Hematological malignancies, unlike solid tumors, are a group of malignancies caused by abnormal differentiation of hematopoietic stem cells. Monocytic leukemia zinc finger protein (MOZ), a member of the MYST (MOZ, Ybf2/Sas3, Sas2, Tip60) family, is a histone acetyltransferase. MOZ is involved in various cellular functions: generation and maintenance of hematopoietic stem cells, development of erythroid cells, B-lineage progenitors and myeloid cells, and regulation of cellular senescence. Studies have shown that MOZ is susceptible to translocation in chromosomal rearrangements to form fusion genes, leading to the fusion of MOZ with other cellular regulators to form MOZ fusion proteins. Different MOZ fusion proteins have different roles, such as in the development and progression of hematological malignancies and inhibition of cellular senescence. Thus, MOZ is an attractive target, and targeting MOZ to design small-molecule drugs can help to treat hematological malignancies. This review summarizes recent progress in biology and medicinal chemistry for the histone acetyltransferase MOZ. In the biology section, MOZ and cofactors, structures of MOZ and related HATs, MOZ and fusion proteins, and roles of MOZ in cancer are discussed. In medicinal chemistry, recent developments in MOZ inhibitors are summarized.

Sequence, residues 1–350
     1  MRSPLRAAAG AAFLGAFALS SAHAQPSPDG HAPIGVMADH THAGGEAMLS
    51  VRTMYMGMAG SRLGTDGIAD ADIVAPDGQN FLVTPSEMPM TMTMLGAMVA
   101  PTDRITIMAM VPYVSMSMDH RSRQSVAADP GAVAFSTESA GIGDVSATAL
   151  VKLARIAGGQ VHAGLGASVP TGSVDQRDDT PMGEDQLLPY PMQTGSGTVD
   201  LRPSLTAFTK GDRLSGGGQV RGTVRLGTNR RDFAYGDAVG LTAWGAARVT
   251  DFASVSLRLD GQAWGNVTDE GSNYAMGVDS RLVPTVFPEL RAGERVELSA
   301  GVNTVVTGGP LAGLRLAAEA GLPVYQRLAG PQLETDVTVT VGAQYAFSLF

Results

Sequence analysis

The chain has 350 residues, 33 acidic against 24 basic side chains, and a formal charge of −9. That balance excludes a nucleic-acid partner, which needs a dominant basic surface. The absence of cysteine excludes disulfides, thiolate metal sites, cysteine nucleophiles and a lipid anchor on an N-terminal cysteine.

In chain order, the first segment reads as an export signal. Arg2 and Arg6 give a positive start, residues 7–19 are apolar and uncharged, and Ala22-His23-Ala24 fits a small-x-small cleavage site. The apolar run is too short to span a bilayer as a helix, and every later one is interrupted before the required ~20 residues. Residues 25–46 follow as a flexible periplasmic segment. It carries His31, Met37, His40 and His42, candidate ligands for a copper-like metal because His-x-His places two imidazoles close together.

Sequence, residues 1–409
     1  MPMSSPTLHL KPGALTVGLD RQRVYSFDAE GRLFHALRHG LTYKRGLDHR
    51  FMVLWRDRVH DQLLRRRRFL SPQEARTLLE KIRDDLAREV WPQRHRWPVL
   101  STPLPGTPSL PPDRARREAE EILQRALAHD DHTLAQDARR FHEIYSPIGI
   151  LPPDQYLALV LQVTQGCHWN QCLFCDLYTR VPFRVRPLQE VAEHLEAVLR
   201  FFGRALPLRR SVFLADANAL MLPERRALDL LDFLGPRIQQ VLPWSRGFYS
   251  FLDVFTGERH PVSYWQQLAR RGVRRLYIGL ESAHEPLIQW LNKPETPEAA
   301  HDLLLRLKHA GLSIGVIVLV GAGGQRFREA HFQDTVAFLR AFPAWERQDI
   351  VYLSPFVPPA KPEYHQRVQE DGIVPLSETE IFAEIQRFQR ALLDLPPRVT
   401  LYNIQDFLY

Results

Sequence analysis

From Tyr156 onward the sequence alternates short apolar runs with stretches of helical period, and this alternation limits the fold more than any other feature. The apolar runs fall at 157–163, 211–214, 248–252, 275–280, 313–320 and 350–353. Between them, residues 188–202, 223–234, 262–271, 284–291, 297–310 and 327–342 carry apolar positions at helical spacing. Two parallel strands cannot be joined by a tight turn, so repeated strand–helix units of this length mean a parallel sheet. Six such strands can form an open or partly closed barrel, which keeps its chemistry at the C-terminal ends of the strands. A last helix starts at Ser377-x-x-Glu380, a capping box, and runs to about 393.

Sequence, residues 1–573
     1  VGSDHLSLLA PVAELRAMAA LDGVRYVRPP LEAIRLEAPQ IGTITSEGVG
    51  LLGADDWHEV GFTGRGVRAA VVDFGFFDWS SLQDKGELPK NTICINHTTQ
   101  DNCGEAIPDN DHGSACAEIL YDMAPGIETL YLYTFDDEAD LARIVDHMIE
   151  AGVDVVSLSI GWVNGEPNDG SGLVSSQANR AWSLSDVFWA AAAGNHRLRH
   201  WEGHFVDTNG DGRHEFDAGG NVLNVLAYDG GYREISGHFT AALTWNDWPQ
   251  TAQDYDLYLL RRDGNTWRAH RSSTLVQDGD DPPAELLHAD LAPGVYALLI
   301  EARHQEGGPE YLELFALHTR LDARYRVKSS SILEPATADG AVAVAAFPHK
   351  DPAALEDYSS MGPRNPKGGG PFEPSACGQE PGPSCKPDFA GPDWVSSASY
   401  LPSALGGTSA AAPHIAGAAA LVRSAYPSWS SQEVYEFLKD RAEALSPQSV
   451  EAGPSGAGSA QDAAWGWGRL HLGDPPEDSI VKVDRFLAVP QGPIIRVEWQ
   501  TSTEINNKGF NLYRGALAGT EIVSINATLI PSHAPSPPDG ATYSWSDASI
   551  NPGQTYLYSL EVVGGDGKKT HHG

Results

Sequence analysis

Copyright © 2021. Published by Elsevier Ltd.